I had an agonizing moment of two of indecision as his glance and gestures seemed ever more me-directed.
It was the social discomfort that was so excruciating; I had to take the initiative.
I got up from the couch, made the long, long walk down the length of his office, stopping once to pick up a chair placed against the wall before pulling it right up to his desk like it was a table in a cafeteria. Relieved to be operating within my limited visual range, I sat myself down, elbows perched somewhere amongst the papers and pen holders and other desky paraphernalia.
He told me later that was the moment. The moment he decided the kid had guts – there must be something special about the kid – maybe the kid had the kind of guts and initiative it would take to make it in the hard world of soft rock.
The truth is ‘the kid’ was myopic.
We talked for a bit. He told me they never had had and couldn’t anticipate a time when they would require a P.R. professional, but maybe with a voice like mine I’d like to be on the radio…?
This is the thing – for anyone who’s ever found themselves suffering the tortures of unrequited love, or smack in the middle of a really tough negotiation – you can’t ‘play’ hard to get; you can’t fake the ability to get up and walk away. (Well you can, but woe betide…)
You either are hard to get, or you really could walk away.
And I really didn’t care. The suggestion came from too far out of left field; it was something I had never dreamt of, nor even then, imagined I would ever particularly want to dream it. I was just weeks from having been signed to two of the top Hollywood agencies - William Morris and Norby Walters – and though I’d hated LA and the parts of the business I’d seen, I hadn’t entirely given up on acting. The P.R. thing was always meant to be a stop gap whilst waiting for the actor’s strike to end.
I told him I’d never thought about it… but, umm, gee, well… maybe, sure – why not – I’d take a crack at it... if he really wanted me to.
After the gesture of pulling the chair up to his desk, this was what made him certain I was the girl for him: raging ambivalence.
(That’s the other thing – the male ego; with dozens of young men throwing themselves at him, begging for a chance – they’d work for nothing, they’d pay for the privilege – it was likely intoxicating to offer the opportunity to someone who wasn’t all that impressed.)
And I wasn’t un-impressed; I would likely have had the same reaction to being offered the Presidency of the United States: I could see it was good position, I could imagine others wanting it – I just wasn’t all that sure it was something I was prepared for, or even particularly wanted to do.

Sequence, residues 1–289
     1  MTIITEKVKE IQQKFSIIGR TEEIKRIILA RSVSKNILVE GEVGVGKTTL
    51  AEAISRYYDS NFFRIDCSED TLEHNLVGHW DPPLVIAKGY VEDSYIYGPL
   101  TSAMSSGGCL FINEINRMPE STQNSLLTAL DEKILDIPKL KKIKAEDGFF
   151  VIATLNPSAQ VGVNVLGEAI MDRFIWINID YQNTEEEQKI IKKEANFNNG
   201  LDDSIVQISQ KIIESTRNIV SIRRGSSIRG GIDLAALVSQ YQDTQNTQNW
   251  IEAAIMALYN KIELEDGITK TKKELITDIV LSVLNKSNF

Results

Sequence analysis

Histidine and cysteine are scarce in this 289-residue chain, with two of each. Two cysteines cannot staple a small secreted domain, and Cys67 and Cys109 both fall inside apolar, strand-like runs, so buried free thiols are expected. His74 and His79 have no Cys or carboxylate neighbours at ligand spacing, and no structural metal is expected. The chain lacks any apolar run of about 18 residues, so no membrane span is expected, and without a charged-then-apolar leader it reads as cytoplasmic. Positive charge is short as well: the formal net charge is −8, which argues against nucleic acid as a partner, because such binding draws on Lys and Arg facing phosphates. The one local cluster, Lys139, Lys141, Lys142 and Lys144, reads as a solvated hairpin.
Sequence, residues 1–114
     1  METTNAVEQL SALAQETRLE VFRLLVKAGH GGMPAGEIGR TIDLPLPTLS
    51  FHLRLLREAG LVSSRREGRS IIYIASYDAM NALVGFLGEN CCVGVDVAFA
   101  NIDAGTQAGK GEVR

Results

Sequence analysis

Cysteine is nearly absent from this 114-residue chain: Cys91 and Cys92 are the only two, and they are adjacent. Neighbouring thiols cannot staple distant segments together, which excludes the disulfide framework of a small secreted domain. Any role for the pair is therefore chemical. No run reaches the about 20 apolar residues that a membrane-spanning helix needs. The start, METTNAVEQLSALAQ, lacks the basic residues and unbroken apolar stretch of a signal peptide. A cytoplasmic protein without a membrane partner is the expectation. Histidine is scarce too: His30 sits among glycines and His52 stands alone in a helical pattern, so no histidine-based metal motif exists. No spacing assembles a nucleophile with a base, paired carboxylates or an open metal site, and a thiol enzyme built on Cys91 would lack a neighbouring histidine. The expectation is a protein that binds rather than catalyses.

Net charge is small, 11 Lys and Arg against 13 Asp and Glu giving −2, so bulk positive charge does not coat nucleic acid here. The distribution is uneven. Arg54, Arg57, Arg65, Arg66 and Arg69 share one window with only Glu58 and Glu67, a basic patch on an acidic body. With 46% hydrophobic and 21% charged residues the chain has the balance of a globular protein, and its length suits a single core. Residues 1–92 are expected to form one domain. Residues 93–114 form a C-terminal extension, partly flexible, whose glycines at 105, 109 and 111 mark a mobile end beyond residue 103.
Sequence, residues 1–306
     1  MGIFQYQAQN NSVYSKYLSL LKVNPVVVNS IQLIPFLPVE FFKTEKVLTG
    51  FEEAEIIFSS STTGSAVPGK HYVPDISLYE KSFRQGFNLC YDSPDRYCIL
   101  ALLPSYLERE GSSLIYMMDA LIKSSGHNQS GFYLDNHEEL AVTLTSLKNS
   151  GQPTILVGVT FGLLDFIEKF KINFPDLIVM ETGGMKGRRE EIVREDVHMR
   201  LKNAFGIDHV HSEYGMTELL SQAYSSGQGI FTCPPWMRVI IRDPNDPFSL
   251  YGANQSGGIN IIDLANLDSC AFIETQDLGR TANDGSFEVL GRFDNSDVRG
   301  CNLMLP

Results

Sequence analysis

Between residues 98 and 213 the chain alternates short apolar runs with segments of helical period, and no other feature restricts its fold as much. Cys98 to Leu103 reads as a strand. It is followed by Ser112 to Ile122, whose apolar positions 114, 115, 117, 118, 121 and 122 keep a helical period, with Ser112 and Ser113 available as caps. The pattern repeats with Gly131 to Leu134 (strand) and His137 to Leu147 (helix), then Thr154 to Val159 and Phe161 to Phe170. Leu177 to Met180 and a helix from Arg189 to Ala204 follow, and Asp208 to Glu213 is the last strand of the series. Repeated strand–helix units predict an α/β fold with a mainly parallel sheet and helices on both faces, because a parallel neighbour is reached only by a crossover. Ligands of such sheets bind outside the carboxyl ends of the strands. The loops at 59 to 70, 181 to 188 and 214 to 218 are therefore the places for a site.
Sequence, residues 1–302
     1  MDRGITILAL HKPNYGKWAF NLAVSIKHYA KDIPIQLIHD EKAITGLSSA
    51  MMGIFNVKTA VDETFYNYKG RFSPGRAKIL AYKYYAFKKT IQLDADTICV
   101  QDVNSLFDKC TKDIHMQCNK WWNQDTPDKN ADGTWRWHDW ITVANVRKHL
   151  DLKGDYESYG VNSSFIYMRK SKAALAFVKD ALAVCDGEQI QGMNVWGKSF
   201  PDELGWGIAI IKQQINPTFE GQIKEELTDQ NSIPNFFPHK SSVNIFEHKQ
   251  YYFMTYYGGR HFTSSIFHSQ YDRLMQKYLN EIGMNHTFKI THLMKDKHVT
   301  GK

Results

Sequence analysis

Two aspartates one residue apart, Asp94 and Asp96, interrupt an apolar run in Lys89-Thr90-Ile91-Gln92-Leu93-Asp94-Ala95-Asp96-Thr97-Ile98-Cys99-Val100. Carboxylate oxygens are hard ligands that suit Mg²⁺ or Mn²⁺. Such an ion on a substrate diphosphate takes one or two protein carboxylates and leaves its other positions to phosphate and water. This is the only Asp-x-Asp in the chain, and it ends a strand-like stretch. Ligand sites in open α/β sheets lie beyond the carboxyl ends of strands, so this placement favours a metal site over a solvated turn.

Long story short, I was brought in that evening to sit in on the all-night show with the current disc jockey… brought in the next evening to do one or two cut- ins with him…brought in the next evening to try an hour or two on my own… offered the job the next day after the poor guy I’d sat in with had been dismissed.
(And for those of you hating me now, I beg to remind you that most of my most fervent desires and dreams have met with disappointment. And I didn’t know the other kid had been fired – I was told he was going to be ‘filling in’ for vacationing announcers; ‘filling in’ a euphemism for ‘filling in unemployment forms’ as it turned out…)
I did the all-night show for six months or so, then was brought in to do mid-days, which in turn became the afternoon program for a couple of years. Then after moving to Europe, stints at a Riviera radio station, an English rock station and the BBC World Service.
Then it was 1987 and I left Europe and radio for Canada and television, never to return.
I have a chance now to do something interesting with a very smart and funny guy. Talk radio – he said/she said – funny, informed, topical, part scripted/part improvised, call in – interview, you name it. We’re working out the details now. And I’m feeling something a little like what I felt in Bob Morris’ office all those years ago: a little unsure, a little inexperienced, not entirely sure this is the right thing for me, but this time with just a hint of a growing excitement.
Do I want to be on the radio? This time, I think I’ll say ‘yes’.
Maybe even passionately.